There are two grounds upon which petitioners challenge the permits in both cases. First, petitioners assert that § 1371(a)(3)(A) prohibits the Secretary from issuing permits for the importation of the belugas and false killer whales without first certifying that the capturing country's program for "taking" marine mammals is consistent with that established by the MMPA. Second, petitioners contend that the Secretary was required by § 1373(a) to ascertain the OSP of both the false killer whales and the belugas prior to issuing the permits. Respondents take the position that neither § 1371(a)(3)(A) nor § 1373(a) apply at all to establish conditions precedent to the issuance of "public display" permits under § 1371(a)(1).
As is apparent, the express statutory language affords no answer to either question. The legislative history is unenlightening. None of the passages from case authority construing the MMPA represents a definitive holding on the precise issues presented.
And the canons of statutory construction are of no help.
What emerges somewhat more clearly from all of the above is Congress' general concern about protecting marine mammals from human depredations, so far as domestic U.S. law can reduce such perils, and to that end it enacted an absolute moratorium on their taking and importation, in contemplation of a comprehensive scheme to regulate activities potentially or actually detrimental to them to be formulated in due course by the Secretary. As a general proposition, it can be said that any significant taking or importation of marine mammals following passage of the Act was to occur, if at all, strictly in accordance with the Secretary's regulations.
At the same time, it does appear that Congress also contemplated that there would be a limited number of instances in which an inconsequential quantity of animals could be taken or imported for beneficent purposes, such as for scientific research, stock preservation, or, as here, for public display. Consequently, in § 1371(a)(1) it gave the Secretary authority to grant a modest dispensation in such cases from the most onerous constraints of the MMPA - the absolute moratorium - without awaiting the outcome of more elaborate administrative proceedings the regulations might require for more destructive assaults upon the population of a species.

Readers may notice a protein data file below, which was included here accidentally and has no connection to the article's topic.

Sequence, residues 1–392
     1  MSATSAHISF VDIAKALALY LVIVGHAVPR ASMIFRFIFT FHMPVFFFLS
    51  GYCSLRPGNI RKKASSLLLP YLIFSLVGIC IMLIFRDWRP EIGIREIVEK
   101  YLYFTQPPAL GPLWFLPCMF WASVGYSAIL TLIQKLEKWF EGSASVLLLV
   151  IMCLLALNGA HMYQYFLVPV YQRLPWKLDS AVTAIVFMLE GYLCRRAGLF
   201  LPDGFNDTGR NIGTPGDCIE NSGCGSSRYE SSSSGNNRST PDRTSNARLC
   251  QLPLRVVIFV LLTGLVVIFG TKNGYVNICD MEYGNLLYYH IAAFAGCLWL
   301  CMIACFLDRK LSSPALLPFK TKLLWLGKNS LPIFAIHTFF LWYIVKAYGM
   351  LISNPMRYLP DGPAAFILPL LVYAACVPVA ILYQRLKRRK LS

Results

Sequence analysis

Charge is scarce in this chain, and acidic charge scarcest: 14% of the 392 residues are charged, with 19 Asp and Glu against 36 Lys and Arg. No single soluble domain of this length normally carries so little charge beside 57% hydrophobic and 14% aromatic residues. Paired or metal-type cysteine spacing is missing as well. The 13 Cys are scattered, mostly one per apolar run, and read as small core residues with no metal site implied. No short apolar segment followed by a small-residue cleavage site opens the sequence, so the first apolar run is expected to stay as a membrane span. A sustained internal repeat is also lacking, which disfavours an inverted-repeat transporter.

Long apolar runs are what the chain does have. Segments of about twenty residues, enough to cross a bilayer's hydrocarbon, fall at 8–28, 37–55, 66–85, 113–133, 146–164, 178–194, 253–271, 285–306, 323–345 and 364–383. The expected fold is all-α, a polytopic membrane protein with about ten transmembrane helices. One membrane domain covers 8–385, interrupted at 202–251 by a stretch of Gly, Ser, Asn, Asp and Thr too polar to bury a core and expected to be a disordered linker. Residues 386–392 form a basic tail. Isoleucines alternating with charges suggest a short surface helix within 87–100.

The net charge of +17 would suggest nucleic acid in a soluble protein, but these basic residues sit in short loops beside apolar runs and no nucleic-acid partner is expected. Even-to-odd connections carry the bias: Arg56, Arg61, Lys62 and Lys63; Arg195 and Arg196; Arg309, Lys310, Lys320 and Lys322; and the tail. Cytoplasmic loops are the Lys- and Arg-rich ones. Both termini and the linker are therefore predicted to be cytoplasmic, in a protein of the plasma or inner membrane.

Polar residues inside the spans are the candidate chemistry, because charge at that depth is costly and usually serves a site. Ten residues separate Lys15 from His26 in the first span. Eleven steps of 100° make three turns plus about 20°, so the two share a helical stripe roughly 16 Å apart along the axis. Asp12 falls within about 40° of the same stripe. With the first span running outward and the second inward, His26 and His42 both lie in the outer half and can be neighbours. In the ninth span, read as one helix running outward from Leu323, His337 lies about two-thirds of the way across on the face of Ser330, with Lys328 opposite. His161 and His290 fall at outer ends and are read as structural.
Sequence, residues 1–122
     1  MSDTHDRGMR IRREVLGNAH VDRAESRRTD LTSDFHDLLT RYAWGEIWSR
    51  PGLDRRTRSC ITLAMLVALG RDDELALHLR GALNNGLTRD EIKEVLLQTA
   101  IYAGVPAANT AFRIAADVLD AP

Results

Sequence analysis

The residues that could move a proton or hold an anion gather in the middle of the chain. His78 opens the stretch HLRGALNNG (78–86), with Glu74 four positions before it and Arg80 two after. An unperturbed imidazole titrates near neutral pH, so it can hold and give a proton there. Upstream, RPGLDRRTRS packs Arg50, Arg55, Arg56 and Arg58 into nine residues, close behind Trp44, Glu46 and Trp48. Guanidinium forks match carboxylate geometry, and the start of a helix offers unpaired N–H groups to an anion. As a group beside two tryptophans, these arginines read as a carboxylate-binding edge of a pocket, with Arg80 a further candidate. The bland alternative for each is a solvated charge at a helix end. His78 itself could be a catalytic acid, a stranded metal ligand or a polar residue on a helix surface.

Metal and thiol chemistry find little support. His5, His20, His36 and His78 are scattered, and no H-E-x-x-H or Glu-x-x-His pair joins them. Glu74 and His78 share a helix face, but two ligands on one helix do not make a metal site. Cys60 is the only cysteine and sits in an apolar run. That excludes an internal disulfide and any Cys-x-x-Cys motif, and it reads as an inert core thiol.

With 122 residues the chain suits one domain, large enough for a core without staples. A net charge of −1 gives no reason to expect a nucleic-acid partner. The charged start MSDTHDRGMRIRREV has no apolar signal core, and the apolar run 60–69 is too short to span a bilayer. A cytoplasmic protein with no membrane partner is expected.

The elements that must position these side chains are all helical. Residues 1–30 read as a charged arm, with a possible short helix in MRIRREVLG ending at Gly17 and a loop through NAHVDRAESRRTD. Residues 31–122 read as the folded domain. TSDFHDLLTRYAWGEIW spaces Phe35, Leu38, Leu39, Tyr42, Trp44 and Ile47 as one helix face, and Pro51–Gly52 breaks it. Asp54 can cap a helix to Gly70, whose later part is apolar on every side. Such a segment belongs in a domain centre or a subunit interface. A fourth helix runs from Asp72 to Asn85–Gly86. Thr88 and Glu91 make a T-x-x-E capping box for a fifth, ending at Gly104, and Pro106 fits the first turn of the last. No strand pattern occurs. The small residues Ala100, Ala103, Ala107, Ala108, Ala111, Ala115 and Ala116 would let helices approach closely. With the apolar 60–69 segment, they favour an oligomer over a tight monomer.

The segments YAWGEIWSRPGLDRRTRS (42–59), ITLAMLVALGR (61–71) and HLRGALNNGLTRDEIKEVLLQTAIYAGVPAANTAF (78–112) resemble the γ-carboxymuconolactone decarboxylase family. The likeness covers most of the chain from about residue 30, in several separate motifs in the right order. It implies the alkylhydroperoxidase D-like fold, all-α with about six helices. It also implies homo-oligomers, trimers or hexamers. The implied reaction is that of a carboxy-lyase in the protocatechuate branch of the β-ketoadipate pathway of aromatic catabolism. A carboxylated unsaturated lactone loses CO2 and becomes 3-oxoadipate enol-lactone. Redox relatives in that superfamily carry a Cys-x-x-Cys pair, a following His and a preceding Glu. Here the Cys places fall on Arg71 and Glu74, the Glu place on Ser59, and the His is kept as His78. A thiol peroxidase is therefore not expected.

Even as to those minimal takings, however, § 1371(a)(1) does not allow indiscriminate or at-will seizures of marine mammals; permits are required, to be issued at the presumably well-intentioned discretion of the Secretary with specified conditions, and only upon the concurrence of other knowledgeable sources of official advice.
It is unnecessary, for the purposes of these cases, to determine what additional formalities might be required by § 1371(a)(3)(A) to attend the issuance of the permits allowed under that section. The permits in the Whales Cases derive from authority conferred upon the Secretary by § 1371(a)(1). Thus it cannot be said that the Secretary's actions were "not in accordance with law," and the inquiry turns to whether the Secretary's action in issuing the permits can be faulted as being arbitrary and capricious, measured against the underlying purpose of the MMPA, viz., "to provide marine mammals . . . with necessary and extensive protection against man's activities."
See Chevron, U.S.A. v. Natural Resources Defense Council, 467 U.S. 837, 842-43, 81 L. Ed. 2d 694, 104 S. Ct. 2778 (1984).
There are two reasons why the Secretary's grant of a permit in the API Case for the importation of the false killer whales reflects no abuse of discretion. First, the record is now clear that the only whales to be imported under the permit will be pseudorcas already in captivity,